Beyond this hill, a star that was now uncomfortably bright to look directly at loomed high above, atop the tallest point in Atlantis and perhaps all of Post-Wrathing Ahbon, Toven’s old school. That was where Eigengrau now waited, and had waited for many millenia, for the Hero’s arrival. It was he who knew how to return the Sun to the sky.

Toven was so busy looking at the hilltop that he didn’t realise the stranger that was trying to get his attention. “Hey! Hey you! Yeah! You!”

Toven looked around, jumping almost out of his skin. He stood up straight, up off the glass of the phonebox. “H-hey, uh wh-what-”

“Hey! Down here! Hoy!”

Toven looked down, stepping away from the phonebox when he noticed the figure by his feet that was only about an inch shorter than him.

“O-oh! Hi. C-can I hel-”

“What are you, an idiot? Of course you can! Got any spare change?” The stranger was a little pumpkin-headed man, who’s carved face bore a mean and beaten jagged expression, though his teeth were starting to curl and no light shone from inside the hollow head. His body was no more than a sturdy green stalk that stuck out of the ground, with bits that sprouted off to form his green arms.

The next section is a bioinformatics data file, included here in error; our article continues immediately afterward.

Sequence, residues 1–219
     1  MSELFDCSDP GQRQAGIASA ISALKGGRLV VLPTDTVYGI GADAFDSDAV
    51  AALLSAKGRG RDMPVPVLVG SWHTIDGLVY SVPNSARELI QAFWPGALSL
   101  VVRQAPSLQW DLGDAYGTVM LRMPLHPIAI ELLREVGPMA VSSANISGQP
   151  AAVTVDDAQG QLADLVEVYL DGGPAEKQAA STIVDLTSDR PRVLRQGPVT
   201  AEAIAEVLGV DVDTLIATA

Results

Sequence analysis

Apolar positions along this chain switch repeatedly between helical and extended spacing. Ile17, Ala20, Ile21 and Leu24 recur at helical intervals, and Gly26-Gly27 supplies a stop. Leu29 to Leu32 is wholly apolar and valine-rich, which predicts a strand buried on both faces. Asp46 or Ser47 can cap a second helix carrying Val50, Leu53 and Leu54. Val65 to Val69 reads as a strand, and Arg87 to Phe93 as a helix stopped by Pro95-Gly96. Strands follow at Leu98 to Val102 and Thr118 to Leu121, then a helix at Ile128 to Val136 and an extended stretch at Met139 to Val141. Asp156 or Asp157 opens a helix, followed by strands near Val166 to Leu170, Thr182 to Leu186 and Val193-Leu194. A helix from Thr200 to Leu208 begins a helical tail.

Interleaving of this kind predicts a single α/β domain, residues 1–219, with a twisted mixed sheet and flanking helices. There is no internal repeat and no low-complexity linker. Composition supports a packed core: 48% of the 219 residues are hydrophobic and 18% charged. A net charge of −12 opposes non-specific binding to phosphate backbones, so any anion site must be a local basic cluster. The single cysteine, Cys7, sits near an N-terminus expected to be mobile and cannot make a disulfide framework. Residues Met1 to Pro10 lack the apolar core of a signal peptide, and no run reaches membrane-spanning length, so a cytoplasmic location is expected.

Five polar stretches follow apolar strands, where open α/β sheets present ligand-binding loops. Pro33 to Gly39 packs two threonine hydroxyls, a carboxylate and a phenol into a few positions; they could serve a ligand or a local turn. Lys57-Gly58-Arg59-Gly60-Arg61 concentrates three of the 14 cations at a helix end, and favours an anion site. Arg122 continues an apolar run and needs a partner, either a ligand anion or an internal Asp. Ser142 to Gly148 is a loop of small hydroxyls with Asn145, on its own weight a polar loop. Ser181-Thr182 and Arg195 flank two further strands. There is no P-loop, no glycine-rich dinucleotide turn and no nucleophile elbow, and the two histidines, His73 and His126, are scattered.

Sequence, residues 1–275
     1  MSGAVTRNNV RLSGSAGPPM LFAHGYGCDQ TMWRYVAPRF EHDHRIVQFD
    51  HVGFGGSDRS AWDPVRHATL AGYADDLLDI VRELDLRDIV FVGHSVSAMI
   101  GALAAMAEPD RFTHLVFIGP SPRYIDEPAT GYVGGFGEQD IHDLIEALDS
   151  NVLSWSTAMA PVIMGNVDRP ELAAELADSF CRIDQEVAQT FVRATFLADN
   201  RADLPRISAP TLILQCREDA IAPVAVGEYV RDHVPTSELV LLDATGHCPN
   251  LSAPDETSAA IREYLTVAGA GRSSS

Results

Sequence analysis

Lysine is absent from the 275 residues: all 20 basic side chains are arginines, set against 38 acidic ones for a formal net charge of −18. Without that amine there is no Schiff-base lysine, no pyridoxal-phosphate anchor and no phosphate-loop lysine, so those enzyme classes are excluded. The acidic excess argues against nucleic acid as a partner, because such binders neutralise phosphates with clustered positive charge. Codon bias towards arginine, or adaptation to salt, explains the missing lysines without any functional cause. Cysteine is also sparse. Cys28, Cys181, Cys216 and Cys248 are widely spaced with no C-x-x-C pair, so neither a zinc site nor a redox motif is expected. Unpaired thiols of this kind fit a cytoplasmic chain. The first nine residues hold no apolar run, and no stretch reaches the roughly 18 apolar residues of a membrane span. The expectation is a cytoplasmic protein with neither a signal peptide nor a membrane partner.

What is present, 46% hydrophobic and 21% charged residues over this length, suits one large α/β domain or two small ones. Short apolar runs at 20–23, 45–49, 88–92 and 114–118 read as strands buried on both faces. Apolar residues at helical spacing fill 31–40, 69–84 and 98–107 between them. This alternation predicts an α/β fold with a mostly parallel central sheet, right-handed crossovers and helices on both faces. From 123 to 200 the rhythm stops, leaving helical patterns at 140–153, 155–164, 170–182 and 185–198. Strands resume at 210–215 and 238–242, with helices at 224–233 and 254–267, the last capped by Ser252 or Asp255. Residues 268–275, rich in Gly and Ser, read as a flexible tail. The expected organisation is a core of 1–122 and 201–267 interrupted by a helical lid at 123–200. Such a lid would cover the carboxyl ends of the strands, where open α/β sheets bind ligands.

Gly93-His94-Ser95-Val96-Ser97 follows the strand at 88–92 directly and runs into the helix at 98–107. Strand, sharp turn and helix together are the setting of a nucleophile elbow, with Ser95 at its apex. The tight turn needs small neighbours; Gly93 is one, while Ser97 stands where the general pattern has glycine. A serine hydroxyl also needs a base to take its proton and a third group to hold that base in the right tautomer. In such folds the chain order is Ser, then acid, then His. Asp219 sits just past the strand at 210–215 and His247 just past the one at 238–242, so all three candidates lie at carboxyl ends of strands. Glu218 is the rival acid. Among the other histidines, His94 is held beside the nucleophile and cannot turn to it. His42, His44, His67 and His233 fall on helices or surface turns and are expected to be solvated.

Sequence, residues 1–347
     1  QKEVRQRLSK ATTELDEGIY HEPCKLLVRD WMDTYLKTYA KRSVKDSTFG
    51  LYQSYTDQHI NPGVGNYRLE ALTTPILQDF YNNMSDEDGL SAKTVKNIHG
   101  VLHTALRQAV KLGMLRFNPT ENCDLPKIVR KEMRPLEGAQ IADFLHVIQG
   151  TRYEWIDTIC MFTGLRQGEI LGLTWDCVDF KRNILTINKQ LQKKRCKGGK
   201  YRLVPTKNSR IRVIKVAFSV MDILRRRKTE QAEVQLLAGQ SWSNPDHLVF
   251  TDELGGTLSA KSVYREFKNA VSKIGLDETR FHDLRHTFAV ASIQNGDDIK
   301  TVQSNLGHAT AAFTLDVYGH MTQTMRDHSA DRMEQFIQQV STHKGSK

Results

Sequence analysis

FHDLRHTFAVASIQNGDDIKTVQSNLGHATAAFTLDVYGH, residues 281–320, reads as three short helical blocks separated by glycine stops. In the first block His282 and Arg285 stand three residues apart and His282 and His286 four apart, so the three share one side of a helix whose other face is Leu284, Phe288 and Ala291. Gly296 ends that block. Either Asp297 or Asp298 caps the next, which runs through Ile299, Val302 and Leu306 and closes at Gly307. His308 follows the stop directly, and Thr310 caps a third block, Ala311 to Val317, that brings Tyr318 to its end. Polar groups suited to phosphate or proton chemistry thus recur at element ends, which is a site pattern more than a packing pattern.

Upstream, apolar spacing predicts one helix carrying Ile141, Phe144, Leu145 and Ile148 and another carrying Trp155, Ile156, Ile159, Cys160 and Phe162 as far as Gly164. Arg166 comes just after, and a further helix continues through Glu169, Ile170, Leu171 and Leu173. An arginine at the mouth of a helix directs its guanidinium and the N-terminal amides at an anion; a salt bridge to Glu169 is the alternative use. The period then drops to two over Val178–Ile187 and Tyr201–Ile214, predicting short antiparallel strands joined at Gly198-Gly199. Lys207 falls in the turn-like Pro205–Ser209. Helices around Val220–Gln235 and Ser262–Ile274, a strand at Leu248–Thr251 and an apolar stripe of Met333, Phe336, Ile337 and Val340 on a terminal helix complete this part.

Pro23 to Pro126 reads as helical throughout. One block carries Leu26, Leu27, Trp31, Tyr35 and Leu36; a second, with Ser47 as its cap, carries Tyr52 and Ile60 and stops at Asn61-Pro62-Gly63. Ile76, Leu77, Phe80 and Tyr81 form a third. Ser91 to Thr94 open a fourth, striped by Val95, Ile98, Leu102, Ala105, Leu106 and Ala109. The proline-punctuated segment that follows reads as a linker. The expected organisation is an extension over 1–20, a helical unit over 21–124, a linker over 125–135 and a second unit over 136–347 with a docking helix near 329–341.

“O-oh! Yeah I do actually l-let me j-just uhm…” Toven reached inside his shirt pocket and retrieved a moderately large sum of starfragments. “H-here, will this be enough? I h-have a bit more if you want?” He smiled, and held it to the man’s hand - though where should have been a hand there was only anotger baby, uncarved pumpkin.

The little man growled and scowled deeply and pushed his hand away, “What the goblins am I supposed to do with your sinkin’ Star money, ah? We trade in seeds here you spineless bipod!”

Toven recoiled, though couldn’t help but find the irony in being called spineless by a plant.

Vegetable…?

Fruit…?

Pumpkin.

He fidgeted anxiously with the buckle on one of his suspenders. “S-sorry, I don’t have a-any see-”

“Yeah you don’t have any seeds yada yada, hearditallbefore!" The plant held up his pumpkin hand and made a mocking talking motion. “whatever. I get it, you kids are so selfish you know, you all think it’s fun to cut holes in my face and carve out my brains and now you can’t even spare some seeds! Guess I’ll just go throw myself in the composter.”